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Instinct took over for my last shot and I could not believe that I had my first Tom on the ground. The flood of emotions including elation, gratitude, and excitement I felt in that moment was overwhelming. It was such and incredible hunt. Blake had never guided someone that had shot a turkey in the air and was so excited for me and surprised that I had turned and shot at the flying birds before he had a chance to say anything to me. He was still looking toward the bird I had shot at to make sure it was a clear miss when he turned as I shot and saw my Tom falling from the air.

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Although the Tom I shot was smaller than the first bird I missed, I wouldn’t change a moment. That hunt built my confidence and I was much calmer when I shot my second Tom, an older Tom that was later nicknamed Rocky as he was a fighter and was missing tail feathers and his wings were all beat up from strutting and fighting. That was a more ideal scenario where I was posted up in a good spot and the Toms came in right where we expected them to.

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Not only was the hunting incredible at Double B Outfitters but the group of ladies that attended were fantastic. We laughed until our sides ached, and shared many delicious meals at the lodge lovingly prepared by Kendra and Linda. The lodge was comfortable and well appointed, the weather was perfect, and a fantastic time was had by all. The guides were superb and we made memories together that will last a lifetime. We cannot wait to go back there for our next Prois and Double B Outfitters hunt in Ozona TX.

Decoy Set-Up Tips! See How NWTF Pros Set Up For Pre-Breeding, Peak-Breeding and Post-Breeding!

It’s turkey time and the NWTF never lets us down with great tips from the pros! Not sure when to use the decoys you have? With the help from Montana Decoy Co. we bring you three decoy set-ups, corresponding to the phases of the rut, to help you take down a turkey this spring season.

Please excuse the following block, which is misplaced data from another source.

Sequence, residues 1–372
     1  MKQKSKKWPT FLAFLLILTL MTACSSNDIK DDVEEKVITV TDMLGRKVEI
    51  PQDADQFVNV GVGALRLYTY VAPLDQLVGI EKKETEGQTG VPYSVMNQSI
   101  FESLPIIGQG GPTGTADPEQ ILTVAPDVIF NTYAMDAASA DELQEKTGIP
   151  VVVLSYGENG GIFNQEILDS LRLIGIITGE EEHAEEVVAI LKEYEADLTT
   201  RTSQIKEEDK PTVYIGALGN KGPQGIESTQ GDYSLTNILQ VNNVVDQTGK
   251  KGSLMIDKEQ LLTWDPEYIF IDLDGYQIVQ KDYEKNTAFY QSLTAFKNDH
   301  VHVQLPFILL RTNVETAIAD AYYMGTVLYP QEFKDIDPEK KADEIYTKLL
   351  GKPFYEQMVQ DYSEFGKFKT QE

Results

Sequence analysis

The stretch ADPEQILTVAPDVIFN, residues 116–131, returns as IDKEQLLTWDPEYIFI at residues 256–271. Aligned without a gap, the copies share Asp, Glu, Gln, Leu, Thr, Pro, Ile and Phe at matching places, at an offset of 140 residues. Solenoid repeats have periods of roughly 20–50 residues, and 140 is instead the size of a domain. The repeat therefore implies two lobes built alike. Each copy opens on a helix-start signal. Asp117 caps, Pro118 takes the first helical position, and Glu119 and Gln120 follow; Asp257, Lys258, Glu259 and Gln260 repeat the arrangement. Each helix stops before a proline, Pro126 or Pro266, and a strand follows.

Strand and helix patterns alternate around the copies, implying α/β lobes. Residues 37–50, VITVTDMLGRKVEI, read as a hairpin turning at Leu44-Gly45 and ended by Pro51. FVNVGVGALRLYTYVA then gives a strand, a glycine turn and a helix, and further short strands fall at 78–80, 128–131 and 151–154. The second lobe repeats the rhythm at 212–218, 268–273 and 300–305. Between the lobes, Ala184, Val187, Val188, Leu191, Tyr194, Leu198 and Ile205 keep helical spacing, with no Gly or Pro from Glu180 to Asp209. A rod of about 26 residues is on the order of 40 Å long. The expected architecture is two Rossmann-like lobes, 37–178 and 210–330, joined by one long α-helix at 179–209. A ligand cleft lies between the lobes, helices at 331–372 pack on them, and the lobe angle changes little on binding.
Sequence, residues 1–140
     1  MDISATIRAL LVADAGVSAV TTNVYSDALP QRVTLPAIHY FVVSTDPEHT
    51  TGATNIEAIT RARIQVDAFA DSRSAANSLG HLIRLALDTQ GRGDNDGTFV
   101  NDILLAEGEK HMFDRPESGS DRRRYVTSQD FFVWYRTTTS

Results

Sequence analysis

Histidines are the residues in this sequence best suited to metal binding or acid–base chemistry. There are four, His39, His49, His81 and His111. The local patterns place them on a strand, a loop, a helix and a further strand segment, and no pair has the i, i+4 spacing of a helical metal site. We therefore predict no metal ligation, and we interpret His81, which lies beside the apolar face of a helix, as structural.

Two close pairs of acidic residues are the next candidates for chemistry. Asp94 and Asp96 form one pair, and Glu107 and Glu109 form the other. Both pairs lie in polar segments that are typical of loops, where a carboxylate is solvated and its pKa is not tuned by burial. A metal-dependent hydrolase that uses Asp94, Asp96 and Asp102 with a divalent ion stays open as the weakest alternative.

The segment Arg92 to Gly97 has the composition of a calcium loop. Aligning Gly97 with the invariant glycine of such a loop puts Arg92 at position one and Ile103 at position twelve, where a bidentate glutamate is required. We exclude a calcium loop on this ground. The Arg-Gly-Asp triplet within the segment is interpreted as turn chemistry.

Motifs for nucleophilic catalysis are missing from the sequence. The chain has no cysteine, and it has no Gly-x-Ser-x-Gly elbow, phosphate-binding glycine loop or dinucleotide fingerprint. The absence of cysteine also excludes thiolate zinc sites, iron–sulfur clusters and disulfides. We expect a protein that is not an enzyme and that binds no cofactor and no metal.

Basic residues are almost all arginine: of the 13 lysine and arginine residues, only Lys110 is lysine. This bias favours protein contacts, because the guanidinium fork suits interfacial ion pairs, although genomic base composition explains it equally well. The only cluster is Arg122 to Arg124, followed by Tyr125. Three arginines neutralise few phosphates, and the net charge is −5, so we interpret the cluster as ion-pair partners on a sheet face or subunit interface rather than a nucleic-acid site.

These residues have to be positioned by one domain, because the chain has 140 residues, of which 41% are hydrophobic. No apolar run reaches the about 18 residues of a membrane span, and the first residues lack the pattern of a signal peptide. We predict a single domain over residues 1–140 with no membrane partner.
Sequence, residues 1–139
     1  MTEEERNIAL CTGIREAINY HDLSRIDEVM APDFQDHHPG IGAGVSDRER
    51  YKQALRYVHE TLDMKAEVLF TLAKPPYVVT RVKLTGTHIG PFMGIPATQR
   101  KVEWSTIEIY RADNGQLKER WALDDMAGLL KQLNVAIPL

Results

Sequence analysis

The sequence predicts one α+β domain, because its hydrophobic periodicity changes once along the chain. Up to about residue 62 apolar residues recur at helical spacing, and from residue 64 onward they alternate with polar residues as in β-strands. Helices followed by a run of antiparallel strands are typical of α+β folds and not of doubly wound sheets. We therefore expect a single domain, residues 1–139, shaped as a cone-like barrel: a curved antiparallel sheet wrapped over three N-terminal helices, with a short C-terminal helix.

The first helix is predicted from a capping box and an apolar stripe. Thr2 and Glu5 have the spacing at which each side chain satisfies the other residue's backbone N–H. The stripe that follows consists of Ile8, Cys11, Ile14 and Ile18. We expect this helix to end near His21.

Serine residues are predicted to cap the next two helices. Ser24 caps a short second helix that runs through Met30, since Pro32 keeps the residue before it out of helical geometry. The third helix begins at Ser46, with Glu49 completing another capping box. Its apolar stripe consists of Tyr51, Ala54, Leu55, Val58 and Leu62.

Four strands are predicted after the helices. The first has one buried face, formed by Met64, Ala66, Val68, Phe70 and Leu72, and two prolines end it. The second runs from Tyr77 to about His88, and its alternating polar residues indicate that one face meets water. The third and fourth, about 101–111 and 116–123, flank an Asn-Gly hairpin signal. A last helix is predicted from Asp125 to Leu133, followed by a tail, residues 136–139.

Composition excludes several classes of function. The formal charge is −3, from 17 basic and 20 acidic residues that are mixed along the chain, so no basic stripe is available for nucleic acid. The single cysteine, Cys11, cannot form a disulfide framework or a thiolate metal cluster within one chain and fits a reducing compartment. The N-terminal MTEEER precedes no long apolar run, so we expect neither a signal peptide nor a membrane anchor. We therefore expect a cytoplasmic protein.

Learn Pre-Breeding, Peak-Breading and Post-Breeding Decoy set-up methods!
http://www.nwtf.org/tips_adventures/tips.php?id=14259

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Prois Tips! FIELD DRESSING YOUR TURKEY…THE DOWN AND DIRTY!

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Before you begin field dressing your gobbler, you need to make a decision. Do you want the bird to grace your dining room table, or the wall of your den? Either way, proper field care is important for birds that will be served as a main course, as well as for those to be mounted. If you intend on eating the bird, follow these field-dressing instructions to ensure the finest tasting turkey possible. Please consult your taxidermist should you wish to mount your bird.

First, remove the beard by cutting if off close to the point where it attaches to the breast. Take care not to cut the butt or end of the beard as doing so may cause the individual “hairs” to fall out.

Make a small incision at the tip of the breastbone with a sharp knife.
Carefully peel the skin and feathers away from the breast, legs, thighs and back.

Remove the legs at the knee joint by cutting the tendon and bending the joint until it snaps (some additional cutting may be required).

Severing the head at the neck removes both the cape and the head.

Next, remove the entrails by making a small cut in the thin tissue between the vent (anus) and the point of the breastbone. Make sure to remove the lungs (pink, spongy material) located on either side of the backbone high in the chest.

Wipe the cavity clean with paper towel, and remove any feathers that remain on the carcass.
Voila!